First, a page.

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Selling customers...

Discussion in 'Lawn Mowing' started by KenH, Jan 22, 2003.

  1. KenH

    KenH LawnSite Bronze Member
    from CT
    Messages: 1,622

    Is there a rough "asking price formula" to selling clients?? ie.. Do I ask for a % of the amount the client spends in a year??
  2. Husker1982

    Husker1982 LawnSite Senior Member
    Messages: 480

    Ken it is hard to say. I am in the process of buying a business and the guy i am buying from is selling it to me for 1 1/2 months income. this might help you and good luck selling.
  3. kutnkru

    kutnkru LawnSite Silver Member
    Messages: 2,662

    This may help:

    The steps we recommend for purchasing an established business in our area is:

    1. Consult your accountant

    2. Consult your attorney.

    3. Negotiate the asking price of 30% of annual gross sales
    (+)value of their equipment.

    4. Finalize all business acquisitions under the advisement of your attorney.
  4. KenH

    KenH LawnSite Bronze Member
    from CT
    Messages: 1,622

    Thanks guys...There really is no need for an attorney or tax advisor as I am not selling the whole business, just weeding out some clients. I wasnt sure if there were any guidelines on how much to ask for each client.
  5. Gravely_Man

    Gravely_Man LawnSite Silver Member
    Messages: 2,075

    Best of luck selling some of your customers. Are you going to work with the buyer and help to transition the customers over to the "new" company? Are you going to offer a non compete clause in the contract so that the buyer is assured you will not take the customers back?

  6. KenH

    KenH LawnSite Bronze Member
    from CT
    Messages: 1,622

    The interested buyers are: One of my employees who have been with me for 12 years, or my brother--both of who have worked on these properties before and already have good relationships with the accounts. Ive had these accounts for a while, so they will take my advice on who to go with. Also, I have NO interest in taking these back.....non-compete is unnecessary. Thanks.. Ill follow up when I make a decision.
  7. kutnkru

    kutnkru LawnSite Silver Member
    Messages: 2,662

    I have a question for you. Is your employee leaving your organization???

    If hes looking to get his foot thru the door then I can understand the slaes venture. If not, then why dont you just give him the dead weight???

    I realize that what #s we need are not what an employee needs to recoup op costs etc., so wouldnt it be better to let him have at 'em say on the weekends to keep the competition out your neighborhoods by lining his pockets a little to say thanks for ALL those years of service (if hes staying onboard that is)???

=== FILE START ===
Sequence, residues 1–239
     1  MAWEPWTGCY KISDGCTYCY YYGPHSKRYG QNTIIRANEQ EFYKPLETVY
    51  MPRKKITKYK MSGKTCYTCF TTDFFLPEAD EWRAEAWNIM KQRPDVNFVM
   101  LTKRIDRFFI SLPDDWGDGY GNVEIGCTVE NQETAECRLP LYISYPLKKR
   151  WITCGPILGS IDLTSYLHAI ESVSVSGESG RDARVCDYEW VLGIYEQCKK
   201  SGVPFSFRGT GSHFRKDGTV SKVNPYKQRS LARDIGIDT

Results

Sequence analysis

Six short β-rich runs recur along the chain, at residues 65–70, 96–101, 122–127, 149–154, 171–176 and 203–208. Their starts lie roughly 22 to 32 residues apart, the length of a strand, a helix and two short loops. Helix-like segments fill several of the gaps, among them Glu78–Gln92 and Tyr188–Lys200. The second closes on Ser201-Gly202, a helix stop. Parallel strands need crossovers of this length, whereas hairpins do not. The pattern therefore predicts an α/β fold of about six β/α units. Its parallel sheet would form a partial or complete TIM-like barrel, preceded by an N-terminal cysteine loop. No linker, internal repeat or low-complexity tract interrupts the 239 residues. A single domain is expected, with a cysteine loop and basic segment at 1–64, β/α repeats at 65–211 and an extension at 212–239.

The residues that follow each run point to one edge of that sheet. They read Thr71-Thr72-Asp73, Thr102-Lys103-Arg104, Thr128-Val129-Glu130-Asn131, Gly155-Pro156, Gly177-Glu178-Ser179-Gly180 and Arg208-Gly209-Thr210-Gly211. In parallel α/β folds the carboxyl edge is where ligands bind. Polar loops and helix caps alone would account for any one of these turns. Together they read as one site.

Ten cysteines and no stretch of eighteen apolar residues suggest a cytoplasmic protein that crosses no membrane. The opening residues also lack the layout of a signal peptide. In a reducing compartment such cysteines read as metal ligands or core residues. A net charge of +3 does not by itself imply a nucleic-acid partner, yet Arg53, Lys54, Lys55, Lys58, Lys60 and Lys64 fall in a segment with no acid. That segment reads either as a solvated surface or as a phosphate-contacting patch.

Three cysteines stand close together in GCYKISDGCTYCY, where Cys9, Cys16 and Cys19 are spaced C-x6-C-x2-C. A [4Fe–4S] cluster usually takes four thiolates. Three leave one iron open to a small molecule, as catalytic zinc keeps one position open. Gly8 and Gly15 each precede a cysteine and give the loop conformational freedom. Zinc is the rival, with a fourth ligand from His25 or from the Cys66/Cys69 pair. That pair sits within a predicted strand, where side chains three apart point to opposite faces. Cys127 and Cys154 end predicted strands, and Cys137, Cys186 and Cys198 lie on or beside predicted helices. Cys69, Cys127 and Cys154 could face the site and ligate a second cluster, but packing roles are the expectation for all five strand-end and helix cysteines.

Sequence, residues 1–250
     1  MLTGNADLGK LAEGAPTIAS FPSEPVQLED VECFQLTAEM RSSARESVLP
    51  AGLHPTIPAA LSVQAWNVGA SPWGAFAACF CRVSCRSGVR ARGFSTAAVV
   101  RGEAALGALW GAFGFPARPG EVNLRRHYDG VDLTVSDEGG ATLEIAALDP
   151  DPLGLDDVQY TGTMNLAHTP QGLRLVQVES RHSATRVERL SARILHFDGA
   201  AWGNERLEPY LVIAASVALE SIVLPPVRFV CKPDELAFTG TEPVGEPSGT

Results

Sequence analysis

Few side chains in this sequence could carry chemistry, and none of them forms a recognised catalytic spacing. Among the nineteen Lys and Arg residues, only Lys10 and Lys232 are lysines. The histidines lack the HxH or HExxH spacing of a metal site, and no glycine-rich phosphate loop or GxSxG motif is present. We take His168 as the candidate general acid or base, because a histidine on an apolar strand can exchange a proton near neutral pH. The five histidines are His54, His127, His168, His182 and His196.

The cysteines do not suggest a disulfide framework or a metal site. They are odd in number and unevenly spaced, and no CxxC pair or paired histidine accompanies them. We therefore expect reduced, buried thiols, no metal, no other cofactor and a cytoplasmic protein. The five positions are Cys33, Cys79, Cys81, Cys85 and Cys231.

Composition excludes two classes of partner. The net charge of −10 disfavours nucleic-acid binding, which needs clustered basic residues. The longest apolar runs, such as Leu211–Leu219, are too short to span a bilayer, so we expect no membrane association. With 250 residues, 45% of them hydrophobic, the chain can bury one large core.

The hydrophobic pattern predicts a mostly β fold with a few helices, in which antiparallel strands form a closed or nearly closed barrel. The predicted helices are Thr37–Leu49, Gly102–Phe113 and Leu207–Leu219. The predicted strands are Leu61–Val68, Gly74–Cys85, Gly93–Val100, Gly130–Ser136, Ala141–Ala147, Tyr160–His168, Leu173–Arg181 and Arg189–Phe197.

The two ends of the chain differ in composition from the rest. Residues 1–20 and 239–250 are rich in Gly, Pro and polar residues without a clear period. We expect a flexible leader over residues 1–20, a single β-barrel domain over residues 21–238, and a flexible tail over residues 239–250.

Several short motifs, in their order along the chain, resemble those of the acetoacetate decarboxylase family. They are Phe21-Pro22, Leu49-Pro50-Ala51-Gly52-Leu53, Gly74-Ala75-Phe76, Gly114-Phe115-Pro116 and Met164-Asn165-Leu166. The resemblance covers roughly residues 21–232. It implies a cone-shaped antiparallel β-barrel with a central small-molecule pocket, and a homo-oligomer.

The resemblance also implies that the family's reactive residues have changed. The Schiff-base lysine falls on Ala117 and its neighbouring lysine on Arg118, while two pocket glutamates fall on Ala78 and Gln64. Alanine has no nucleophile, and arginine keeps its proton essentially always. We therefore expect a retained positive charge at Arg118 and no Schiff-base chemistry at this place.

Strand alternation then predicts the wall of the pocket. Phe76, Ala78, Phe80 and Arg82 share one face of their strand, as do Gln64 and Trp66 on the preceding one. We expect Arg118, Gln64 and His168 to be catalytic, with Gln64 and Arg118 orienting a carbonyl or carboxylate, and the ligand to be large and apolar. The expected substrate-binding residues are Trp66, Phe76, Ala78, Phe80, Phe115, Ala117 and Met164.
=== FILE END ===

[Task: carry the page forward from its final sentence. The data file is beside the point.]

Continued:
Im not criticizing just asking.
  8. KenH

    KenH LawnSite Bronze Member
    from CT
    Messages: 1,622

    He runs his own business on the side. I offer him insurance and great pay to stay with me for at least 30 hours per week. Probably 75% of his business now has come from calls I did not want, and probably the last 25% of his business came from being seen at those accounts. (I have also passed on customers for my brother to be a part timer, and my dad will be part timing it this year!!) Up until now, I have always given accounts away but some of these properties I have been 'cultivating' for 15 years or so, so Im thinking it is not fair to just turn them over, prices where they are at now, etc.

    Right now he has the best of both worlds...has his own business, collects from me during the winter, and fills in his 'spare time' working for me during the season. Dont get me wrong, its a big help for me also, as I do not need to keep him busy for 50 hours a week. Plus he is a great employee and knows my clients.

    Do you think I would be a d*** if I were to ask for money for some accounts??
  9. kutnkru

    kutnkru LawnSite Silver Member
    Messages: 2,662

    Regardless of what the paperwork says it sounds to me more like a working business realtionship. This is completely different from someone who works for you looking to expand his $$ a few bucks on the weekend and your willing help out with some non-desireable clients to get him started (lol).

    Because the clients in mind (although they may not be big $$$ moneymakers for your outfit) would definitely be worthwhile to the right LMO -- therefore I see absolutely np with you selling them to the employee.

    Although the employee is an employee he's actually more like an informal sub IMHO, so thats a whole diff ballgame (lol). I have done this before with friends of mine, helped them out in a pinch when needed or bought a client who is in an area they no longer plan to service that we do etc.

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